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ORIGINAL ARTICLE
Year : 2013  |  Volume : 57  |  Issue : 2  |  Page : 71-77

Cost of dementia care in India: Delusion or reality?


1 Additional Professor, Department of Epidemiology, National Institute of Mental Health and Neurosciences, Bangalore, India
2 Professor, Department of Psychiatry, National Institute of Mental Health and Neurosciences, Bangalore, India

Correspondence Address:
Girish N Rao
Additional Professor of Epidemiology, National Institute of Mental Health and Neurosciences, Bangalore - 560 029
India
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Source of Support: None, Conflict of Interest: None


DOI: 10.4103/0019-557X.114986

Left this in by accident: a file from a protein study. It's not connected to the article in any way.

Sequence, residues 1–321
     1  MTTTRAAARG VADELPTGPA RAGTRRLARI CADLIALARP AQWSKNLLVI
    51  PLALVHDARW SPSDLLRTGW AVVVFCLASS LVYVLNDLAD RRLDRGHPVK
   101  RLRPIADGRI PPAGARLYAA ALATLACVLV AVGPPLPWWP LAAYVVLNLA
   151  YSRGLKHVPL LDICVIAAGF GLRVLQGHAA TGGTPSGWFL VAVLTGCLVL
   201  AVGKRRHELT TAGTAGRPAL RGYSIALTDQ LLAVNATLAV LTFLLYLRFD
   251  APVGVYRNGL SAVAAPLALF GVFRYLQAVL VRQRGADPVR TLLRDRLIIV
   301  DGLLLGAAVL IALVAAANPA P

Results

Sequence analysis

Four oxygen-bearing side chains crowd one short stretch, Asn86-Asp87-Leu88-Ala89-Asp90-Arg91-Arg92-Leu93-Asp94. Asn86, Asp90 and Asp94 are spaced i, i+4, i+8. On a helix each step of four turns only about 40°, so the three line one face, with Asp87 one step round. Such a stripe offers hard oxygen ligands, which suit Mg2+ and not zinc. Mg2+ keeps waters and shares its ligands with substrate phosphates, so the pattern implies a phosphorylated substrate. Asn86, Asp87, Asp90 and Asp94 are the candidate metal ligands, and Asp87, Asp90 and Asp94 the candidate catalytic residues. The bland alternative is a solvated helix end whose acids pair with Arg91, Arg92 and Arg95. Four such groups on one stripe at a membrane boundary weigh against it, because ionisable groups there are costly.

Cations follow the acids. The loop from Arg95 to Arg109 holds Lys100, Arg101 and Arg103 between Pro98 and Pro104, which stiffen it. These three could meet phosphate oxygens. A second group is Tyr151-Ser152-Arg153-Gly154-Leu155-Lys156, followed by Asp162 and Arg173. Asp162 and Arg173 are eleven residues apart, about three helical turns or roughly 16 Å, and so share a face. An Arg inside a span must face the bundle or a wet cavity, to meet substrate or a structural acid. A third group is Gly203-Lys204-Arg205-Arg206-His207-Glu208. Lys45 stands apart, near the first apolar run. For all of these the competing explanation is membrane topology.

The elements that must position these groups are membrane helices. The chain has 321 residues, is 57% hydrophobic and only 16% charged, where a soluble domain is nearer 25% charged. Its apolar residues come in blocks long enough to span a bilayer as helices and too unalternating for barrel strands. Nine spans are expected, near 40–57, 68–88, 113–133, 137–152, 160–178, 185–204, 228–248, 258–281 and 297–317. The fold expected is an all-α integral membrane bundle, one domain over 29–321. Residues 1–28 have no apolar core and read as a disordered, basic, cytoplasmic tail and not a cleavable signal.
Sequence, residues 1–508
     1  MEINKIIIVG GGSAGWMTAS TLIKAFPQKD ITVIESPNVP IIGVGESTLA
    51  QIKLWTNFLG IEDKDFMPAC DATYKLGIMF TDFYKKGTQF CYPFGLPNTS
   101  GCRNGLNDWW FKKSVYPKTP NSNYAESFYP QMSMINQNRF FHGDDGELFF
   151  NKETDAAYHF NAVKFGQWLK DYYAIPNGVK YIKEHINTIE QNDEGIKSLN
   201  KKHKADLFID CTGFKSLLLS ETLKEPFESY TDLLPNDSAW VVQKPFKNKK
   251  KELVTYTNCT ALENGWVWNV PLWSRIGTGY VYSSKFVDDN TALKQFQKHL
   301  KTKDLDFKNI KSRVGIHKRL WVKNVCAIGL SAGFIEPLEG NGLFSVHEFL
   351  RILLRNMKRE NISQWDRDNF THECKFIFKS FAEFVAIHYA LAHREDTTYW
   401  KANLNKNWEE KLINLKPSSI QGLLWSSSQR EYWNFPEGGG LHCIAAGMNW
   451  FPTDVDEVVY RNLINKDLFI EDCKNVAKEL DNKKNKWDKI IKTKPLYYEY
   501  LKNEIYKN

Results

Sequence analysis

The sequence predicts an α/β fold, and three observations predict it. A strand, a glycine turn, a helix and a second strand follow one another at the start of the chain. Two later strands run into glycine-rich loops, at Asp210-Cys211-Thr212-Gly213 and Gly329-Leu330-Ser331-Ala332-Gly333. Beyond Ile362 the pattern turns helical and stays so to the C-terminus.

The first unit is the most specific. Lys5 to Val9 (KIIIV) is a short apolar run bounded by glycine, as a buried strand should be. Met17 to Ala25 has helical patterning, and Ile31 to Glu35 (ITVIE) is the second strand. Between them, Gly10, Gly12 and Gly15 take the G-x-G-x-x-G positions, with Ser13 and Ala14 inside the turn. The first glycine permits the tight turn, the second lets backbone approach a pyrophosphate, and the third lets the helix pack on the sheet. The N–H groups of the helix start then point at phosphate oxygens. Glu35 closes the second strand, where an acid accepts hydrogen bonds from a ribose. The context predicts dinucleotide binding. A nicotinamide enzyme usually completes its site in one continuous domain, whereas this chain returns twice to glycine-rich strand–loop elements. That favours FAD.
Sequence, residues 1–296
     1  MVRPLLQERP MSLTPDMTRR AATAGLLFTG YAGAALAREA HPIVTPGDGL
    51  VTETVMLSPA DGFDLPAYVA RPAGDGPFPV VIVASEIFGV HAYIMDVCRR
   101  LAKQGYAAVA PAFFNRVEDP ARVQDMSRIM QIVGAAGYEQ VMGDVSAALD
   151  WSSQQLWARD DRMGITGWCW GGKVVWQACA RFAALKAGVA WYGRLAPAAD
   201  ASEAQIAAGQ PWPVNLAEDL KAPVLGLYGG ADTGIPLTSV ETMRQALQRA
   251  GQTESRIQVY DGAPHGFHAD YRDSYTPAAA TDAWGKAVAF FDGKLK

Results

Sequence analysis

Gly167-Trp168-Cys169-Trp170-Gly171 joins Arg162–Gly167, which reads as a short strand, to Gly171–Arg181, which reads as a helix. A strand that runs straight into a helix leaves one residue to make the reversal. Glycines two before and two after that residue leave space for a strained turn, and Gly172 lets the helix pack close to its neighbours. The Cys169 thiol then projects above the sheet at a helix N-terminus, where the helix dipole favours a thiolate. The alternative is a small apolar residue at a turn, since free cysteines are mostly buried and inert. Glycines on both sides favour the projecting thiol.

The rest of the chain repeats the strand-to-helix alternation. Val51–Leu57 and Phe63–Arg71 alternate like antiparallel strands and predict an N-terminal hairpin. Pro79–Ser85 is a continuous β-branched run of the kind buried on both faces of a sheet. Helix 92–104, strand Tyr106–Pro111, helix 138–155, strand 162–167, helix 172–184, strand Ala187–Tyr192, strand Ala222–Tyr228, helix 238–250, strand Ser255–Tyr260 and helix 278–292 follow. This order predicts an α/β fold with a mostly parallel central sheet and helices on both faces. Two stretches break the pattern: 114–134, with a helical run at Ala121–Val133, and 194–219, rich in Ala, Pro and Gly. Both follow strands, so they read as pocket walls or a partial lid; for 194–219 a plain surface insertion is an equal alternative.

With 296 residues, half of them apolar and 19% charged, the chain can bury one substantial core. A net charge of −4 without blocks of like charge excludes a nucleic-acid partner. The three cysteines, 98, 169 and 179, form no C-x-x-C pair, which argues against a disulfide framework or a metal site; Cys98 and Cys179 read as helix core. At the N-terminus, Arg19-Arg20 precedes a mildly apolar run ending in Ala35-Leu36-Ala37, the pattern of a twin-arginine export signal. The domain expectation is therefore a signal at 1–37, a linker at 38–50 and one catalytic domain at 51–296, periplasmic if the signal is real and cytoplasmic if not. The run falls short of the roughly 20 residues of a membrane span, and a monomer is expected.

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Context: In 2010, nearly 37 lakh Indians have been estimated to be suffering from dementia. Estimated costs of care in published literature do not reflect the actual expenses of individual households. Hence, a household budget approach was undertaken to arrive at the costs of dementia care in India. Materials and Methods: We identified and listed the different components of care, classified the applicability of care for the different components with respect to mild, moderate, and severe cases. This framework was utilized to assign costs of care and arrive at the household costs of care for a Person with Dementia (PwD) in both urban and rural areas. Results: The total expense was similar to that reported by individual households. The annual household cost of caring for a person with dementia in India, depending on the severity of the disease, ranged between INR 45,600 to INR 2,02,450 in urban areas and INR 20,300 to INR 66,025 in rural areas. Costs increased with increasing severity of the disease process. The costs of informal care contributed to nearly half of the total costs either in rural or urban area. With increasing severity, proportion of medical costs decreased while social cost increased. Medical costs in rural areas were nearly one-third of the total costs as against less than one-fifth in urban areas. Conclusion: The household budget model realistically estimated the household costs of care. It is hoped that the comprehensive and generic framework would prompt health professionals, researchers, and policy makers in India to catalyze geriatric health services, particularly for care for PwD.


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